(Ser"i*cin) n. [L. sericus silken.] (Chem.) A gelatinous nitrogenous material extracted from crude silk and other similar fiber by boiling water; — called also silk gelatin.

(Ser"i*cite) n. [L. sericus silken.] (Min.) A kind of muscovite occuring in silky scales having a fibrous structure. It is characteristic of sericite schist.

(||Ser`ic*te"ri*um) n. [See Sericeous.] (Zoöl.) A silk gland, as in the silkworms.

(Ser"i*cul`ture) n. [See Sericeous, and Culture.] The raising of silkworms.

(Se"rie) n. [Cf. F. série.] Series. [Obs.]

(||Ser`i*e"ma) n. [Native name.] (Zoöl.) A large South American bird (Dicholophus, or Cariama cristata) related to the cranes. It is often domesticated. Called also cariama.

(Se"ries) n. [L. series, fr. serere, sertum, to join or bind together; cf. Gr. to fasten, Skr. sarit thread. Cf. Assert, Desert a solitude, Exert, Insert, Seraglio.]

1. A number of things or events standing or succeeding in order, and connected by a like relation; sequence; order; course; a succession of things; as, a continuous series of calamitous events.

During some years his life a series of triumphs.

2. (Biol.) Any comprehensive group of animals or plants including several subordinate related groups.

Sometimes a series includes several classes; sometimes only orders or families; in other cases only species.

3. (Math.) An indefinite number of terms succeeding one another, each of which is derived from one or more of the preceding by a fixed law, called the law of the series; as, an arithmetical series; a geometrical series.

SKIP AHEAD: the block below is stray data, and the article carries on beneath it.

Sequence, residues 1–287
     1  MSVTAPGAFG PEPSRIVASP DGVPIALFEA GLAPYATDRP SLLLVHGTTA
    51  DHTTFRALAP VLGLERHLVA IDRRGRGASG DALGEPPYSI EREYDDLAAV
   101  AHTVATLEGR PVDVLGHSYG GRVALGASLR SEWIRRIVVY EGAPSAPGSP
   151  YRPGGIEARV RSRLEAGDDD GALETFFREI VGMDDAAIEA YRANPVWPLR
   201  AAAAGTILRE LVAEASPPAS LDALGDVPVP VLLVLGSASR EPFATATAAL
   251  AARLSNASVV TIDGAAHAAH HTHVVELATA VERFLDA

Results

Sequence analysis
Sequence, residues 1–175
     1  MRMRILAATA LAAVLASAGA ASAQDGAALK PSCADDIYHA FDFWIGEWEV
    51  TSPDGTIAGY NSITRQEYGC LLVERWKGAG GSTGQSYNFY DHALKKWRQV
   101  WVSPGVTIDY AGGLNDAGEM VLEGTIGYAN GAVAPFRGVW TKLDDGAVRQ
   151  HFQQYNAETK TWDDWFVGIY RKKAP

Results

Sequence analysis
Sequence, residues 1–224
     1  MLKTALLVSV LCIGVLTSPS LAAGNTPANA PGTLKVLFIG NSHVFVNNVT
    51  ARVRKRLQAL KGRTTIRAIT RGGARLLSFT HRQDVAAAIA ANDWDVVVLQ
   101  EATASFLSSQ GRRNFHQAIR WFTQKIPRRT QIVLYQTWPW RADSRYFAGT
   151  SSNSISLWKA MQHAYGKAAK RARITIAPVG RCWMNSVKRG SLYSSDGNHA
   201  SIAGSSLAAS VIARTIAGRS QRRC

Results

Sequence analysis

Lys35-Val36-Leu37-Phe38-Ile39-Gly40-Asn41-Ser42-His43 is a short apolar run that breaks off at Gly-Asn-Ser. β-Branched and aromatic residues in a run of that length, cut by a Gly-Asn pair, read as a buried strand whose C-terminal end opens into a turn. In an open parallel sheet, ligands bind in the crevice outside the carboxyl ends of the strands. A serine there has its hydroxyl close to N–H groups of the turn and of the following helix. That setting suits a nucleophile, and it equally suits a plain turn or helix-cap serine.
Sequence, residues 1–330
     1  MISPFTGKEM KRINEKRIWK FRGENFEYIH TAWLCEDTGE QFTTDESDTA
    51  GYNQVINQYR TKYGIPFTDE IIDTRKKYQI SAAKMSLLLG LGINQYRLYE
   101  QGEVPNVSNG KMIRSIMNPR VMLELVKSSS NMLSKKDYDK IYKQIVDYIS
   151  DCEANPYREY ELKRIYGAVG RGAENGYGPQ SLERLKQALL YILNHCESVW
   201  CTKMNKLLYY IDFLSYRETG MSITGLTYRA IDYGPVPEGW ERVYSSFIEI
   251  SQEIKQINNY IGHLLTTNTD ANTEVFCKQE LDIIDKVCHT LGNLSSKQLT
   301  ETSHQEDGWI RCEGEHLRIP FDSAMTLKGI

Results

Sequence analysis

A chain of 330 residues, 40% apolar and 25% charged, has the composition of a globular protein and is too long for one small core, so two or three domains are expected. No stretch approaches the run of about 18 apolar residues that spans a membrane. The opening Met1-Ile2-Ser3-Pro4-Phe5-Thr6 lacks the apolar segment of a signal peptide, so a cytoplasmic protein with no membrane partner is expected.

(Ser"in) n. [F. serin.] (Zoöl.) A European finch (Serinus hortulanus) closely related to the canary.

(Ser"ine) n. [L. sericus silken.] (Chem.) A white crystalline nitrogenous substance obtained by the action of dilute sulphuric acid on silk gelatin.

(Se`ri*o-com"ic Se`ri*o-com"ic*al) a. Having a mixture of seriousness and sport; serious and comical.

(Se"ri*ous) a. [L. serius: cf. F. sérieux, LL. seriosus.]

1. Grave in manner or disposition; earnest; thoughtful; solemn; not light, gay, or volatile.

He is always serious, yet there is about his manner a graceful ease.

2. Really intending what is said; being in earnest; not jesting or deceiving. Beaconsfield.

3. Important; weighty; not trifling; grave.

The holy Scriptures bring to our ears the most serious things in the world.

4. Hence, giving rise to apprehension; attended with danger; as, a serious injury.

Syn. — Grave; solemn; earnest; sedate; important; weighty. See Grave.

Se"ri*ous*ly, adv.Se"ri*ous*ness, n.

  By PanEris using Melati.

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